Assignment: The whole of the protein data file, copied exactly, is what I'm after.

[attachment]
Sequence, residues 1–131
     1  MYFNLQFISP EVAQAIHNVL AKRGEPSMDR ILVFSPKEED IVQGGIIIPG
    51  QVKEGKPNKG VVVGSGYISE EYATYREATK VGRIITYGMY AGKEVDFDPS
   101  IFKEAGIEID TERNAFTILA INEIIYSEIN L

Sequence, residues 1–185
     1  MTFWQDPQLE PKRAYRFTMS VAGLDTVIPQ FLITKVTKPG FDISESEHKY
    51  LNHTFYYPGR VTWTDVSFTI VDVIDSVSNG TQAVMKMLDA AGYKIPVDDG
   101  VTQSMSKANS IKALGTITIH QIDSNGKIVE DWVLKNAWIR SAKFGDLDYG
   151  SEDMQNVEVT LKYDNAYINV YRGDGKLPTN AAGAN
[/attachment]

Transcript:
Sequence, residues 1–131
     1  MYFNLQFISP EVAQAIHNVL AKRGEPSMDR ILVFSPKEED IVQGGIIIPG
    51  QVKEGKPNKG VVVGSGYISE EYATYREATK VGRIITYGMY AGKEVDFDPS
   101  IFKEAGIEID TERNAFTILA INEIIYSEIN L

Sequence, residues 1–185
     1  MTFWQDPQLE PKRAYRFTMS VAGLDTVIPQ FLITKVTKPG FDISESEHKY
    51  LNHTFYYPGR VTWTDVSFTI VDVIDSVSNG TQAVMKMLDA AGYKIPVDDG
   101  VTQSMSKANS IKALGTITIH QIDSNGKIVE DWVLKNAWIR SAKFGDLDYG
   151  SEDMQNVEVT LKYDNAYINV YRGDGKLPTN AAGAN